The Senate of Canada has long been criticized as a bastion of cronyism, a waste of tax dollars, and an unaccountable rubber stamp. The latest expense-related scandals and caucus resignations in the Senate will only serve to further tarnish the Upper Chamber in the eyes of many Canadians. Despite some politicians now outright campaigning for its abolition, Canadians would be wise to give the Senate a sober second thought.
As a lawyer who addresses issues with government on behalf of clients, time and time again I have seen the integral role the Senate serves as a check- and-balance in the passage of legislation. It is not uncommon for bills to pass the House of Commons, only to have Senators propose amendments to close loopholes, fix mistakes or other concerns, that are ultimately accepted (if not embraced) by the House.
In the passage of the Justice for Victims of Terrorism Act last year, which allows victims of terrorism to sue perpetrators of terrorism and their supporters, I personally know the important role Senator David Tkachuk played in ensuring this crucial legislation received Royal Assent only after problems in the legislation were addressed. (Some were discovered by opposition MPs in the House of Commons, including Irwin Cotler and Jack Harris.)
Frankly, there is no better place to see the real value in the work of senators then at committee stage. Senate committees discuss important political, social and economic issues of the day that simply don’t get a full hearing in the otherwise partisan and acrimonious House of Commons. Here senators of every political stripe have made significant contributions to the affairs of this nation.
Take for example the work of Senator Jim Munson on autism. He has almost single handily been responsible for raising the profile of the need for a national autism strategy and increased funding. Another example is the late senator Mike Forrestall, and former senators Lowell Murray and Pat Carney and their collective work on identifying and conserving heritage lighthouses in Canada through the Heritage Lighthouse Protection Act. Then of course there is the work of Senator Michael Kirby and his 2002 report on the state of Canadian health care, which received wide praise and attention.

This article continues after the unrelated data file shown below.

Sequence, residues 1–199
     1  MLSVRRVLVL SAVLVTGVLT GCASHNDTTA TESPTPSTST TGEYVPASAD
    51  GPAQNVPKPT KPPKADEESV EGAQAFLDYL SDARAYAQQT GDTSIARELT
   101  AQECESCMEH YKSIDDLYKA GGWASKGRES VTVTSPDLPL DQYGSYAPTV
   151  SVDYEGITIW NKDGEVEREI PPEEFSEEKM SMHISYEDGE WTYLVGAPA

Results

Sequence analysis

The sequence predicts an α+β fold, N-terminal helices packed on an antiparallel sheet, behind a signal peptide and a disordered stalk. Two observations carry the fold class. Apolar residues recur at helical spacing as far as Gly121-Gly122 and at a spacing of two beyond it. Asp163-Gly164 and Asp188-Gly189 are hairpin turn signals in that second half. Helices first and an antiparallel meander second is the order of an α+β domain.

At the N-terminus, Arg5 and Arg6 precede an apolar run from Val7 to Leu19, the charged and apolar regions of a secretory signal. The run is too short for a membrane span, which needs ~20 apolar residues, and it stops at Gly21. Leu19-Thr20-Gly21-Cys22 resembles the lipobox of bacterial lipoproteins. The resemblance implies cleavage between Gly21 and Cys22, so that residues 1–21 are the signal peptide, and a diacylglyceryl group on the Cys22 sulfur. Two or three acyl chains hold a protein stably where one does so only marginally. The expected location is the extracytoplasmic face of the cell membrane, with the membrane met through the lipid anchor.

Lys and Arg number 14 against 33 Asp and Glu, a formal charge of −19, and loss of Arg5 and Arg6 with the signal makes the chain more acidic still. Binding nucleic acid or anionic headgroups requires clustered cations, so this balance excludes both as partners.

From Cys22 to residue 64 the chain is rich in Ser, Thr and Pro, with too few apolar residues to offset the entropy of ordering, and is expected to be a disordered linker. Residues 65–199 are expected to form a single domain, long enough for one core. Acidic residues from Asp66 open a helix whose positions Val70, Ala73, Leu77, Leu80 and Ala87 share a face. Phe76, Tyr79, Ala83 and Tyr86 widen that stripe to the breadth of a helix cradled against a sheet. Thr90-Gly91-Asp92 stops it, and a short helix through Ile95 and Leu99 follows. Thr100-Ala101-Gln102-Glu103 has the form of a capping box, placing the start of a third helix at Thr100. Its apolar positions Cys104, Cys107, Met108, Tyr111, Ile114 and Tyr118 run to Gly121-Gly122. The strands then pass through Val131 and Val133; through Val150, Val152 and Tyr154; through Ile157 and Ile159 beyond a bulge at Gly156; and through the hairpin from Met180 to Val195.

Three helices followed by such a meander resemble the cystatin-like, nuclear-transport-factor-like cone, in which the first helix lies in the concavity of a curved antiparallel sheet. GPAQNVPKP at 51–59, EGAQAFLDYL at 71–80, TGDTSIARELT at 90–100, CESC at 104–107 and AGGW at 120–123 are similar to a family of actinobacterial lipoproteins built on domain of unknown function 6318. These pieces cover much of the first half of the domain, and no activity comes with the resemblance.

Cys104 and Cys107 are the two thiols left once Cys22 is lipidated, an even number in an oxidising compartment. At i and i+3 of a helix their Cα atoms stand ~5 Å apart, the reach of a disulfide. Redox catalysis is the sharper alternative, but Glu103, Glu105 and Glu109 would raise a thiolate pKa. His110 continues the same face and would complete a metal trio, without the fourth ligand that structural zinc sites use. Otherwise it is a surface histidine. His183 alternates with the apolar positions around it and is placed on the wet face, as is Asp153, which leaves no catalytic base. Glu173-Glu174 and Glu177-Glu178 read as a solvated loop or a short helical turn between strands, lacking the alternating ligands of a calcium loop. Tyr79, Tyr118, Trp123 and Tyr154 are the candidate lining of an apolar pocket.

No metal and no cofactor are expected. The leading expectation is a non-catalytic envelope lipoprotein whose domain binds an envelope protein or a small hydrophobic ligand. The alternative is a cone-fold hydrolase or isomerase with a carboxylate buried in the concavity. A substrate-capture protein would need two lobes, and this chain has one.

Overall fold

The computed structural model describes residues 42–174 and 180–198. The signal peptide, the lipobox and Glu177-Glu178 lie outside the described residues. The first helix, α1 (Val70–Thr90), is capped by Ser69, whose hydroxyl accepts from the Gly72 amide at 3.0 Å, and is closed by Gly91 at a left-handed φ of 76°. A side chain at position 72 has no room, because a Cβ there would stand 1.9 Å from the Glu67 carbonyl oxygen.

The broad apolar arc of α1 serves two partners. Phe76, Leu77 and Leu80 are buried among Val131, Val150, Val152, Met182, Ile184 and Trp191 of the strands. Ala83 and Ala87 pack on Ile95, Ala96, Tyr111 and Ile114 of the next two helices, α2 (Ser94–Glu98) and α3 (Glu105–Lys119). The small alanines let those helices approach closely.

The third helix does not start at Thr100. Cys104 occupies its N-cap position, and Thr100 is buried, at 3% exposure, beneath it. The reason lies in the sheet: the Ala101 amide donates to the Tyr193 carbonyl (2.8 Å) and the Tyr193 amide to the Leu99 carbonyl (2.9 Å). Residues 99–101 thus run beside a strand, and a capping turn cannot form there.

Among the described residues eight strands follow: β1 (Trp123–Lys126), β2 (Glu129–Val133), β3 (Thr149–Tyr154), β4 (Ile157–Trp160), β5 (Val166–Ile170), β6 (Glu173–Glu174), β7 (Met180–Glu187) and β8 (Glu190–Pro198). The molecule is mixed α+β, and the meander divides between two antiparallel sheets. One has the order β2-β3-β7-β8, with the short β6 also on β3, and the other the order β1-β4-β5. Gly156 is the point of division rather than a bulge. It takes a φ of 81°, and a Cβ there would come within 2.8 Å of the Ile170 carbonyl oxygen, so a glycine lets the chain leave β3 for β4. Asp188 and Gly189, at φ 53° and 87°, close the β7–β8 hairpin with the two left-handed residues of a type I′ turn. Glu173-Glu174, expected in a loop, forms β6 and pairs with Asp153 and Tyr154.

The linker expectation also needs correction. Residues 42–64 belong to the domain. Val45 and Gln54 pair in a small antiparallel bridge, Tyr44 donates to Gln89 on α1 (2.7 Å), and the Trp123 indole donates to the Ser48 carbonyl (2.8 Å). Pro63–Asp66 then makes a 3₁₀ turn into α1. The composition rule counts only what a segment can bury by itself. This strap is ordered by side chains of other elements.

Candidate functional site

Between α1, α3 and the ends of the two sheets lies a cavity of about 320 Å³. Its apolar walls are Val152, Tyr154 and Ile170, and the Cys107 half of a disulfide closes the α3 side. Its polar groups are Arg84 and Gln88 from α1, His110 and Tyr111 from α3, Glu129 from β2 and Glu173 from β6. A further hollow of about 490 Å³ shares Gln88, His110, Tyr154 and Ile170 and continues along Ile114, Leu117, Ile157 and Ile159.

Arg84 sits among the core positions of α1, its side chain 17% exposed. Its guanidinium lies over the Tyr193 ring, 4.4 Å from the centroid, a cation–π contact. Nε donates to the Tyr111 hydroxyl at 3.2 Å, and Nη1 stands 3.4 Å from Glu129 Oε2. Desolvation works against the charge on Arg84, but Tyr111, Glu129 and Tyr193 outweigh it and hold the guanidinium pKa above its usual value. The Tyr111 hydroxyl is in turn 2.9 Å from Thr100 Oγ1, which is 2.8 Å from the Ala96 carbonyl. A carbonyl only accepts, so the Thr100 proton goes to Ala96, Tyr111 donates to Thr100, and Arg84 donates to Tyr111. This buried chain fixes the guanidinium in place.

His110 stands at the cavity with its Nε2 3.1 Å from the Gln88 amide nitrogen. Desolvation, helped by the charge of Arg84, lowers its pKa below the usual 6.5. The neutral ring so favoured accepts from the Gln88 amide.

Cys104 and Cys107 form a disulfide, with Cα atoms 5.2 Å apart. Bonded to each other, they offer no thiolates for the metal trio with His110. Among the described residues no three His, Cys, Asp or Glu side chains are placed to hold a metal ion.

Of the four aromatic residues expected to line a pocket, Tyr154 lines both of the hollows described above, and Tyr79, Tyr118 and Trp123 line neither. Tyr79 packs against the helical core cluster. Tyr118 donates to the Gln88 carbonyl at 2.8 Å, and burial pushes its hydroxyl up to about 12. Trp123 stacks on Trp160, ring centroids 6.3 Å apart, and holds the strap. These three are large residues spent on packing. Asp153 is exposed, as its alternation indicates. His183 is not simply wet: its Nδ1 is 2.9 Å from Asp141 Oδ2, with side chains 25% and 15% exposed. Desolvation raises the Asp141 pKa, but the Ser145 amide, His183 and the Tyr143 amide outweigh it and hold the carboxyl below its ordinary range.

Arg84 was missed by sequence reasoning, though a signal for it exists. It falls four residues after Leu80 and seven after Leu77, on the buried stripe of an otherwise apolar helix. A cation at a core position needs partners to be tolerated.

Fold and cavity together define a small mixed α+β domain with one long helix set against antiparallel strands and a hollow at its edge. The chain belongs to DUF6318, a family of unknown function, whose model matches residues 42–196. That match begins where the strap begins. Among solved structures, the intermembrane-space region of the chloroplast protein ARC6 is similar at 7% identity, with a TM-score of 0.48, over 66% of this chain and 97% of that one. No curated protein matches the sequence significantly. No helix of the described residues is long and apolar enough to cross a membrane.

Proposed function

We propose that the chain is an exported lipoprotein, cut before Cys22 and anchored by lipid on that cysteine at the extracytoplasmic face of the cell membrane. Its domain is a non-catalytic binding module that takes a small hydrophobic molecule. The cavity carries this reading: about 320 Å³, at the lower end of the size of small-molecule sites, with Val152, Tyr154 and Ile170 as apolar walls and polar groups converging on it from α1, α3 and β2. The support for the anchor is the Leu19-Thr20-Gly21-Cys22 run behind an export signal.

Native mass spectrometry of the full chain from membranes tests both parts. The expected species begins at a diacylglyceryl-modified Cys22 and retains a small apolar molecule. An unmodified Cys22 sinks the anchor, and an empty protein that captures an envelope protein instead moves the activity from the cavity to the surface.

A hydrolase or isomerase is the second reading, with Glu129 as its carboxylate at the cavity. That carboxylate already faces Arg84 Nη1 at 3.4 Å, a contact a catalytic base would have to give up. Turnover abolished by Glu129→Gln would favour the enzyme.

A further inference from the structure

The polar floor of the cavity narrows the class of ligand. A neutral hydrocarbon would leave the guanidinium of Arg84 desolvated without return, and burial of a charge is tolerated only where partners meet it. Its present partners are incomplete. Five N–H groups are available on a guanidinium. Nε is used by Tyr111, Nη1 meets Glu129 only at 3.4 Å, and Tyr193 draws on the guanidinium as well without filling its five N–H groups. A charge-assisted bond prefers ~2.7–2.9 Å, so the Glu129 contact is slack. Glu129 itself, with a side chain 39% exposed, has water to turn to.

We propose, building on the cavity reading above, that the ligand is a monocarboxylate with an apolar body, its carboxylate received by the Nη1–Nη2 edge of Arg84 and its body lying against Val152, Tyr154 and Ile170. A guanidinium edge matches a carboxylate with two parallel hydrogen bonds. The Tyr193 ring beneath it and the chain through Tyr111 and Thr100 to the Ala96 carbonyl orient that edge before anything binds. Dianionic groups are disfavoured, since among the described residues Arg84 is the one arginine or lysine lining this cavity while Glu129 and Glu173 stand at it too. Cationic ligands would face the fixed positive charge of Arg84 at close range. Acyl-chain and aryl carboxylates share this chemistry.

Perhaps even more vital as it relates to our collective safety and security as a country, is the work of Senator Colin Kenny and the Senate Committee on National Security and Defence. The work of this committee has highlighted security gaps and threats that Canada faces at airports and border crossings in the war against terrorism, effectively prodding both Liberal and Conservative governments to strengthen domestic security since 9/11.
All of these notable contributions are possible because of the nature of our Senate. Any politician would be wise to think twice before tinkering with it. Senators are free to speak their minds and vote with their consciences, something we all know our elected politicians are rarely afforded. The even-handedness and non-partisan approach of many of these senators, principally because they do not face the vagaries of elections, is commensurate with the powers of the Senate to introduce non-money bills, delay legislation, and recommend policy changes, which serve to hold members of the House of Commons in check.
While the list of proposed reforms to the Senate has grown long over the years, one sure fire way to strengthen the Senate is to respect it as an institution and fill it with those credible Canadians who understand its integral function of holding government to account, proposing policy changes and legislative revisions to bills.
The goal ought to be an appointment process akin to the Order of Canada, where the best and brightest in their respective fields, such as law, arts, medicine, and business, are appointed as representing the best of Canadian society. These are Canadians who have made significant achievements in their chosen vocations.
There are many examples of current sitting Senators who meet this high threshold for appointment and it shows in the work they do. Our prime ministers should aim for a Senate with this matrix of excellence, and Canadians can demand nothing less. Otherwise we risk throwing the proverbial baby out with the bathwater, and there is nothing sober about that.
The following was originally published in the Ottawa Citizen.